Film Review: Mithya

Film: Mithya


Banner: Planman Motion Pictures


Producer: Arindam Chaudhuri


Director: Rajat Kapoor


Cinematography: Rafey Mehmood


Editor: Suresh Pai


Screenplay: Rajat Kapoor, Saurabh Shukla


Cast: Naseruddin Shah, Neha Dhupia, Ranvir Shorey, Harsh Chhaya, Saurabh Shukla, Vinay Pathak, Iravati Harshe, Brijendra Kala, Iklaq Khan


Rating: 6/10


Rajat Kapoor & Co. are back with yet another interesting take on life as it is. Saying ‘as it is’ would probably be challenging the very title of the film (mithya = lies) but there is no better-fitting way to say it. It is as it is and Rajat Kapoor says it quite nicely so.


Mithya is the story of Vinod Kumar, a struggling actor who comes to Bombay from Noida in search of the stars. The film might seem like a companion of the bastion of film-industry-based movies we have seen in recent times (OSO, Khoya Khoya Chand, Super Star) but it only borrows the background for its lead actor.


VK, soon lands into the hands of the mafia because he exactly resembles the boss of the rival gang. The mafia finishes off the boss and fashions VK into his avatar a la ‘Don’. VK uneasily slips into the role until destiny hands him a rough blow and he becomes a desperate victim of ironical events despite himself.


Mithya starts off on an incredibly promising note with hilarious moments in scenes made by some superb timing and acting by the principal cast. Dialogues are snappy, events are hilarious in their sheer simplicity and pedestrian characters are a treat to watch as played out by the leads. Realism, in the hands of Rajat Kapoor wears a new tone and is always interesting to experience despite the evident budget constraints. Mithya is a charming territory for realism aficionados so the initial movie promises.


But after the series of montage that the first half an hour is, the film settles down or seems to and that’s where all the trouble begins. The film begins to take itself a tad bit too seriously and hampers the deliciousness of its humour, its principal take-away. Post-interval the film acquires almost a new meaning with million subtexts vying for attention. Humour takes a disappointing back-seat and no drama comes forward to fill in. A thin line of suspense, a lingering question of ‘what next?’ keeps one hooked but that shortens the canvas of the film. The subtexts die a piddling death and so does the movie, which began brilliantly.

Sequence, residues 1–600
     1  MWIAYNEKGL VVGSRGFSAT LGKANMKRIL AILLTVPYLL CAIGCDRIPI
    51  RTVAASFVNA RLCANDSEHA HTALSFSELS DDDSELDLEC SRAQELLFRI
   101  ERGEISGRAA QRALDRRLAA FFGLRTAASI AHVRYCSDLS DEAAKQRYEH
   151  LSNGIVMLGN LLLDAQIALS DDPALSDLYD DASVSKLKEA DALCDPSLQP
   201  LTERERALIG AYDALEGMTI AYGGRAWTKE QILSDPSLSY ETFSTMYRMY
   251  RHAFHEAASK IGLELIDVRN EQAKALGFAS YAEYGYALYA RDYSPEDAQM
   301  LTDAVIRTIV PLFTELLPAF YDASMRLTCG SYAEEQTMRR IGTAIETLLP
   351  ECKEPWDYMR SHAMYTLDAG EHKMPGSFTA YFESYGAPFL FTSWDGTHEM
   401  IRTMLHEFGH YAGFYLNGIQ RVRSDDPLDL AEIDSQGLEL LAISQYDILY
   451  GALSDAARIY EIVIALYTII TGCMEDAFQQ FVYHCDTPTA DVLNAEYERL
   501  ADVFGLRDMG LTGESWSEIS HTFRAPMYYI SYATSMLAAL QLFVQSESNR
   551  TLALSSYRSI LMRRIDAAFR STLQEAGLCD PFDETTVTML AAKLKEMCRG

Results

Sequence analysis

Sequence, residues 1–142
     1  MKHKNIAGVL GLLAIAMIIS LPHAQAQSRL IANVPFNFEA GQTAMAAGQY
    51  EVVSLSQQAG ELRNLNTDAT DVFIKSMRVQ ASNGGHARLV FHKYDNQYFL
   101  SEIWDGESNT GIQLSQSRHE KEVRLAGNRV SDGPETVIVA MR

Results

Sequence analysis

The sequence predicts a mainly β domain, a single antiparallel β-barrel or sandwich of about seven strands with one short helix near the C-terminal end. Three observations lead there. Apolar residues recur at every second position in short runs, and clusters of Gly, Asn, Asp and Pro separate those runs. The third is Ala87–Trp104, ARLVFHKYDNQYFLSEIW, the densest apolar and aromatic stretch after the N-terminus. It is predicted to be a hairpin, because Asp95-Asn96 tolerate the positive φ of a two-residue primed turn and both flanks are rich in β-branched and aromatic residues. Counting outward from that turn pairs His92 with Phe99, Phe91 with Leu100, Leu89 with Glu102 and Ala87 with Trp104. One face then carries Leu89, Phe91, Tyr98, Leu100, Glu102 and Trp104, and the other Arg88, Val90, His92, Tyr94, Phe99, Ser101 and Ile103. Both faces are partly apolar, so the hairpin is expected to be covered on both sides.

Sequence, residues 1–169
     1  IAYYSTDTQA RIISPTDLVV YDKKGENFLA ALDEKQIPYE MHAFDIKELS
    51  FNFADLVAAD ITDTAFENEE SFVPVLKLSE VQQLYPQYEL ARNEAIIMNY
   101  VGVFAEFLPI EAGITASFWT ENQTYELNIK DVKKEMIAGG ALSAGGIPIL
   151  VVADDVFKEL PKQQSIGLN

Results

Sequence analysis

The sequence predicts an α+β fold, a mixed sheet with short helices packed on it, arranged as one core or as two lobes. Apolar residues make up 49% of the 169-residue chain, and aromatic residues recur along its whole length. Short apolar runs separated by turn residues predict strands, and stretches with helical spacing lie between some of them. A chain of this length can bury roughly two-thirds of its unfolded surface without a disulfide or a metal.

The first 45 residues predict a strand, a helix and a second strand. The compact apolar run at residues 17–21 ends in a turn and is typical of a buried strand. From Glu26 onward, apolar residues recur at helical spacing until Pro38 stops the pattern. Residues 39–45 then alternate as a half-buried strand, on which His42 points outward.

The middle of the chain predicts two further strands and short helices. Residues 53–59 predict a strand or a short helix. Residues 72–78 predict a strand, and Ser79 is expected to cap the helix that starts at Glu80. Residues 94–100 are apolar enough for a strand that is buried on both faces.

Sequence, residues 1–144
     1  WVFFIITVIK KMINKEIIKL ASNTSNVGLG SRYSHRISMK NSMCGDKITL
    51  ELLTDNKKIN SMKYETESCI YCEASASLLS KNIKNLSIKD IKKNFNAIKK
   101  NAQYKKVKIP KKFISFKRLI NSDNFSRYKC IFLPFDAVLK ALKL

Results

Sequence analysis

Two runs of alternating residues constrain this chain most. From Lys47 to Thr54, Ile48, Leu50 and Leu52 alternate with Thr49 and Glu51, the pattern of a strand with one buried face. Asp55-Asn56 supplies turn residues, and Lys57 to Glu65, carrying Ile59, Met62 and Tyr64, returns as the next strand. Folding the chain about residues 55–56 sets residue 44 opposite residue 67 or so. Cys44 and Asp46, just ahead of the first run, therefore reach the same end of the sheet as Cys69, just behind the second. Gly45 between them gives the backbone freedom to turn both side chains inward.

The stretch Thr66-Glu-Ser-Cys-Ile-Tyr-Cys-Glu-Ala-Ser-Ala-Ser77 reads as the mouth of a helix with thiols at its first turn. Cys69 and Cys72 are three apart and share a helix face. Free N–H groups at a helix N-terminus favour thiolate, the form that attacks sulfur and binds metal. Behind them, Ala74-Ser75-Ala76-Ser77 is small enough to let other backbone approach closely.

The brilliance of Mithya lay in the fact that the concept had several layers just waiting to be explored. Questions of identity, perception, belief and reality could have been pertinently flirted with to make the film explode with potential. That Mithya was not intended to head that way is acceptable. That what it achieves by choosing the path it does is confounding.


The film boasts of some exceptional performances that make the film eminently watchable just for the acting. Ranvir Shoerey, as the struggler caught in his circumstances plays his part brilliantly. He has almost become an ace in playing the loser yet maintains his versatility while doing the same role with multiple different shades movie after movie.


Neha Dhupia ably plays the part of the sexy siren of the boss who is caught in her own dilemma and loves someone else instead. Vinay Pathak, another effortless performer is immensely enjoyable as the no-gooder henchman of the Big Boss. Naseeruddin Shah and Saurabh Shukla’s performances plead for more screen-time such is their presence and ease with the medium. Harsh Chhaya and Iravati Harshe put in equally commendable performances that make Mithya a well-made film.


Mithya is a challenging film to make and the balance between humour and emotion is one that is not easily done. The film does not balance both competently neither does it substitute the lack of balance with a heightened sense of experience. To savour the portrayal of everyday middle-class characters the film is a must. Else, there aren’t many take-aways that the film can boast of. Despite that, it is definitely worth watching once at least if for nothing then to rejoice at the birth of a common-looking ‘hero’. It’s not everyday that losers win.